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SE-JOE
Information about SE-JOE
Last update: 19 Sep 2014
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Aircraft Data
Reg: SE-JOE
S/N: 10075
Year: 2003
 
Type:
 
Last known operator:
 
History:
G-EMMI
 
Fate:
2013-08-26
This aircraft was imported to Sweden from the UK in the spring of 2010. It entered service with the flight school Helicopter Assistance, but was simultaneously operated by HeliAir Sweden from time to tome. The helicopter was eventually included in HeliAir's fixed fleet in October 2011.

In January 2013 the aircraft was sold to a private company in Stockholm (Bromma Helicopter AB). It was still used for training flights through Helicopter Assistance.

The helicopter was incorporated in EastAir Helicopter's fleet in February 2013.

Accident
On 26 August 2013 SE-JOE was involved in an accident during a water-sampling assignment south east of Stockholm. The crew that day consisted of one pilot and one crew member, whose task was to lower water sampling equipment into the lake whilst hovering above the water. Upon approach to the first lake, Lake Tyresö-Flaten, the pilot noticed that the water was calm and that it was difficult to estimate the height above the surface, and he thereby reduced the rate of descent. The pilot estimated the height to be roughly 5-10 meters when had still not obtained clear references to the water surface, why he started to arrest the sink rate further. At that same moment, the helicopter hit the water in a nose-up, right-bank, altitude and the tail boom broke loose. The pilot deployed the emergency floatation gear at the same time as the helicopter rolled over to the right. The pilot and crew member egressed the aircraft through the rear left door frame – both of them unharmed.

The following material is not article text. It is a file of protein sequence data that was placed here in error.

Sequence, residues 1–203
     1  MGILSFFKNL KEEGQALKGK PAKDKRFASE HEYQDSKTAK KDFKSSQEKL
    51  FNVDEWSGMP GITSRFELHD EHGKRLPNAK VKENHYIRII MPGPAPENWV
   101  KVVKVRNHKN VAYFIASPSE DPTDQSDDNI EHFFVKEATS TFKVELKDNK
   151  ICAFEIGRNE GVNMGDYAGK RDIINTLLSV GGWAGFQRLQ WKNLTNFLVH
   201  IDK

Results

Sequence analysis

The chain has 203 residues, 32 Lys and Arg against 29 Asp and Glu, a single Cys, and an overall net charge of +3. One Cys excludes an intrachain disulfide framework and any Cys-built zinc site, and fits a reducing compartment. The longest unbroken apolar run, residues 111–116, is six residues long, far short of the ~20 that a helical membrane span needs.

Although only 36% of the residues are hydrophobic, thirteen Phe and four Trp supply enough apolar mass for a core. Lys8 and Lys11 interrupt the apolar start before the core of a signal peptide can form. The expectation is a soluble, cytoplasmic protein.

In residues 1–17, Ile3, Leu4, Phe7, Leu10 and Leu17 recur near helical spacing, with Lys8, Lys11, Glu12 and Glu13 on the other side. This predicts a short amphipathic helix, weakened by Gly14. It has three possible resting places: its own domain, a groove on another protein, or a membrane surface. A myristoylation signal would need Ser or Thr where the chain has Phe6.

In its report, the Swedish Accident Investigation Board (Statens Haverikommission, SHK) writes that the water sampling operation was not included in the helicopter company's s Air Operator Certificate (AOC). SHK states that the company's Operations Manual had no published method for approaching water surfaces in calm conditions without the support of other references or aids. It concludes that this aspect probably contributed to the fact that the closing speed and distance to the surface was misjudged, which resulted in a collision with the water. SHK leaves no recommendations in the report.
This page was last modified on 19 September 2014 | click here to edit the page
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